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The “Logical” Approach to Amalek

By: Rabbi Gershon Turetsky

This week’s Haftarah tells us the story of King Shaul taking mercy on Agag, the King of Amalek by sparing him and his nation’s choicest sheep and cattle. This was against the will of Hashem and eventually led to Shaul losing his crown to David Hamelech.

This Haftorah and Parshat Zachor are obviously connected to Purim. The simplest explanation of the relationship is that Haman “Ha’agagi” is a descendant of King Agag who Shaul battled. This is consistent with the Gemarah in Masechet Megilla (13) that explains that the reason Haman even existed was only because Shaul did not kill Agag when he had the opportunity.

Based on the Gemarah in Yoma (22), which describes Shaul as a person who had not “tasted the tatse of sin”, the Lubavitcher Rebbe (Likutei Sichot Vol. 3 pg. 168) provides an alternate approach. The Rebbe explains that Shaul erred and thought that he was indeed fulfilling the will of Hashem by not killing Agag and his cattle. Shaul believed that he could use what he captured for a higher purpose.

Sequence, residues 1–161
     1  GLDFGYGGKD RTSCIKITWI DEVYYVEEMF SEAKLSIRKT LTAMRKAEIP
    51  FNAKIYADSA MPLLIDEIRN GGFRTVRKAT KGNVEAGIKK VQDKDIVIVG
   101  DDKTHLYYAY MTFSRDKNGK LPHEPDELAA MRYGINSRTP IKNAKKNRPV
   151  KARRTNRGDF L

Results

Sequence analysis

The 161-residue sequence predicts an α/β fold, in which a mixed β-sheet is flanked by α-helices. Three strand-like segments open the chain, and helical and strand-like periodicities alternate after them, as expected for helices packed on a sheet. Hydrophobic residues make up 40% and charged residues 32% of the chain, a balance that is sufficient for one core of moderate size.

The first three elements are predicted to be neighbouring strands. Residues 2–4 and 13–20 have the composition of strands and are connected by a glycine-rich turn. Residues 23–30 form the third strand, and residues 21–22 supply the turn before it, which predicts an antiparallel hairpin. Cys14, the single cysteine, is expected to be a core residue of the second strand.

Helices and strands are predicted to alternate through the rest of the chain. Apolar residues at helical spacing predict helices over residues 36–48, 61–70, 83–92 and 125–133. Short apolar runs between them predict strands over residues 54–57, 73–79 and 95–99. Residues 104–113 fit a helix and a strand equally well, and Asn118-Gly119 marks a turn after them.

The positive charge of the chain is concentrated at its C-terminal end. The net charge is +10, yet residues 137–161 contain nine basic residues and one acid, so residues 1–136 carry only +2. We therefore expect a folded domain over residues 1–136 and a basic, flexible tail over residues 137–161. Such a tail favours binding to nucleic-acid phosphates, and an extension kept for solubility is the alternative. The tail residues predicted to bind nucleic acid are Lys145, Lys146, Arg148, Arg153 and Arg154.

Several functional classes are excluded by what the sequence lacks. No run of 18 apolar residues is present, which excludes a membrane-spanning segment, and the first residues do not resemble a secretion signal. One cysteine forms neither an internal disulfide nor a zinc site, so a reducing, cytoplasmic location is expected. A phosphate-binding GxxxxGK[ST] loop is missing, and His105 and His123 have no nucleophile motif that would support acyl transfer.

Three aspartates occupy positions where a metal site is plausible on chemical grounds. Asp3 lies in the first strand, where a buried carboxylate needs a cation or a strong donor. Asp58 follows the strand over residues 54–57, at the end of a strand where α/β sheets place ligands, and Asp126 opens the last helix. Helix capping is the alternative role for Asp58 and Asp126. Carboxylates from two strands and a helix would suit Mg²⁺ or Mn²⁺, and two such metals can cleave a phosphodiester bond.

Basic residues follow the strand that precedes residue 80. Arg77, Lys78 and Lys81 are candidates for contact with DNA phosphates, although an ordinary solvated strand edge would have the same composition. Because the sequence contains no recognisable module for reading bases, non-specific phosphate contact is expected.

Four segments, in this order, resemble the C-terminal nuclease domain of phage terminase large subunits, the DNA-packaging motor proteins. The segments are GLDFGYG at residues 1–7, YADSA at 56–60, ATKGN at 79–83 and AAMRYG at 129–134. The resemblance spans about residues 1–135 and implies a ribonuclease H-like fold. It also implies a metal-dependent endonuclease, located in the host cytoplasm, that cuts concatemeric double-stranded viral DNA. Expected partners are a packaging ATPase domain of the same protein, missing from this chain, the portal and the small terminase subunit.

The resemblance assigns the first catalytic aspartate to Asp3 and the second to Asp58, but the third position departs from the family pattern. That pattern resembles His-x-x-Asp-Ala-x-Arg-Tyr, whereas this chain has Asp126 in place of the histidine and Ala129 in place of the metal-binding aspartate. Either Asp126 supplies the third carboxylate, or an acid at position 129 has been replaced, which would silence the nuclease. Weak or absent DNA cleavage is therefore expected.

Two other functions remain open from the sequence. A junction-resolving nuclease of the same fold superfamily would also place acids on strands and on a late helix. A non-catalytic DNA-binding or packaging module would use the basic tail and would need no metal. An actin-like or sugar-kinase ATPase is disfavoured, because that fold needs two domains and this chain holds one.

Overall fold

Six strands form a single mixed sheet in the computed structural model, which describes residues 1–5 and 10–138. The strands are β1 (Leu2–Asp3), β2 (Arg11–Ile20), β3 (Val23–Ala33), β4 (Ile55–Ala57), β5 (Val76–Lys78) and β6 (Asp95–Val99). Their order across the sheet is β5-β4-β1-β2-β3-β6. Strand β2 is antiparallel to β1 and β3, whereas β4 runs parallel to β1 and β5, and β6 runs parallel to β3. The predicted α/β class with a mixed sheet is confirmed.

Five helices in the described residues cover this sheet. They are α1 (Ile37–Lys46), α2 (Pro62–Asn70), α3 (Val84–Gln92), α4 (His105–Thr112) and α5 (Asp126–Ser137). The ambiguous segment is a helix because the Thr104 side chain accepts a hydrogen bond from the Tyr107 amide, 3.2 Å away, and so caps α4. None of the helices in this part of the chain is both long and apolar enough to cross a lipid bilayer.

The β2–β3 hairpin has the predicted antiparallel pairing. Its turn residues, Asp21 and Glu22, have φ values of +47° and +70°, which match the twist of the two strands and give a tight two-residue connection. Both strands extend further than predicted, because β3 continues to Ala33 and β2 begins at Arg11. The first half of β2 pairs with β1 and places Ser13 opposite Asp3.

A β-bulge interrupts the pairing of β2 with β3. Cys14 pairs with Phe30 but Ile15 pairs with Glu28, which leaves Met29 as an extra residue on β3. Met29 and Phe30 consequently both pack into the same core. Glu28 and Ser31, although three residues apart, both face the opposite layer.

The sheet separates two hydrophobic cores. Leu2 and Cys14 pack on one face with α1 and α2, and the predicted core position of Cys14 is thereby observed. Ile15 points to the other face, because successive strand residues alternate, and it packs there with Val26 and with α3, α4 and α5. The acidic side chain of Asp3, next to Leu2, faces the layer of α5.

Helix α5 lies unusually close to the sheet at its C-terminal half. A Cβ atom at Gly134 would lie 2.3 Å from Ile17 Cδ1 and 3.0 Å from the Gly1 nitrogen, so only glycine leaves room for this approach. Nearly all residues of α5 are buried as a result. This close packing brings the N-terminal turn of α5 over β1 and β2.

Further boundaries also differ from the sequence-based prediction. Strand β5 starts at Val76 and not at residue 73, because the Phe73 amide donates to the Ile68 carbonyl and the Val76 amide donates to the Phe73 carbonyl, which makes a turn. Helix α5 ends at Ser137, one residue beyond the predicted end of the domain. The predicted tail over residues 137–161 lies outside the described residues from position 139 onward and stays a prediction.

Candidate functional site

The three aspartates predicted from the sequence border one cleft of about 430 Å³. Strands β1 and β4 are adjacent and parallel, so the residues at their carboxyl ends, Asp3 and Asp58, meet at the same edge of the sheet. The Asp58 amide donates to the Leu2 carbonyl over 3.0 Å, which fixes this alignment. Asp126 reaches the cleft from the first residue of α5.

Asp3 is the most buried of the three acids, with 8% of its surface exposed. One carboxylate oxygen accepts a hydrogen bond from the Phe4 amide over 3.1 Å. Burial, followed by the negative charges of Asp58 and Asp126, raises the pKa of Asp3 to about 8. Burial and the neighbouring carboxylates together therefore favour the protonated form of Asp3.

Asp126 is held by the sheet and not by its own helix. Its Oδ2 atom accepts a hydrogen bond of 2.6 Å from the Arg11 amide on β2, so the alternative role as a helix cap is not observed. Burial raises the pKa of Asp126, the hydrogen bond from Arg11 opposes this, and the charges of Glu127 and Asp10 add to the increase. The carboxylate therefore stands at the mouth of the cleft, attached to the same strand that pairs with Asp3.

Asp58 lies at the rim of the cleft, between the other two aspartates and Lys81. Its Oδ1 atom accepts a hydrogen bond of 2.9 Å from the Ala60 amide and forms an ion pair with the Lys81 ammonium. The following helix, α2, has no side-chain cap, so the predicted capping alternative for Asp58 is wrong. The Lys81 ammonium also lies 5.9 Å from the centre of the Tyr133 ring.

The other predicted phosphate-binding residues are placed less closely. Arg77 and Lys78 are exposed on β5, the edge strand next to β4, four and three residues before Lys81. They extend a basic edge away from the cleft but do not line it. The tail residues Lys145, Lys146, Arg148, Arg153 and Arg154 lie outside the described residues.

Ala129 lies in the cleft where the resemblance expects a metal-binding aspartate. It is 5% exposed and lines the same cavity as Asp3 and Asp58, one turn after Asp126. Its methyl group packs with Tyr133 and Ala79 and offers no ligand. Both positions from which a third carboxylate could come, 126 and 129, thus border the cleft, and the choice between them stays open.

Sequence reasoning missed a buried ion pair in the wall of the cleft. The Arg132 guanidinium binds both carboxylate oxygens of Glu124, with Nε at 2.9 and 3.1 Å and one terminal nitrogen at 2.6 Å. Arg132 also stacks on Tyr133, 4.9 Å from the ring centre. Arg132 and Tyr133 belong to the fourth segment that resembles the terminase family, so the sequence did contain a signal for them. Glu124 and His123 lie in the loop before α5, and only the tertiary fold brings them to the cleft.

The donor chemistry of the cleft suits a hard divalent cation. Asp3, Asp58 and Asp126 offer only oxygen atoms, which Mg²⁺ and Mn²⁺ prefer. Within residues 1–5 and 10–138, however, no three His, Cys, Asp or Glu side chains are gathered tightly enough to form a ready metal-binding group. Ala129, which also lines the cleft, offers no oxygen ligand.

When one sacrifices an animal upon the Mizbeach he turn the physical animal into something spiritual. Shaul thought that sparing the cattle of Amalek would provide the perfect opportunity to turn the physical and impure world of Amalek into something incredibly spiritual. The problem was that Shaul f0llowed his own “seichel” instead of the true will of Hashem. He made the wrong call by putting his understanding of the situation above Kabalat Ol Malchut Shamayim. What Shaul did not realize is that there is room in Judaism for using one’s own seichel, but only after being Mekabel Ol Malchut Shamayim and understanding that our logical approach to issues and challenges must be through the lens of Kabalat Ol Malchut Shamayim, not in spite of it.

As a result of Shaul’s poor judgment the Jews suffered through the persecution of Agag’s descendant, Haman.

The Jews, during the time of Haman were charged with the task of being Mitaken the error of Shaul by submitting themselves to the will of Hashem and being Mekbal Ol Malchut Shamayim. In commemoration of this victory, of this fixing of the sin of Shaul, we have the concept of “Ad D’Lo Yada”. On Purim, we try to excise our own Seichel from the day (by taking a brief nap after the Seudah – See Rema OC, 695:2) and symbolically show that ultimately the will of Hashem takes precedence over all.

 

Categorized under: 1: Chagim > Purim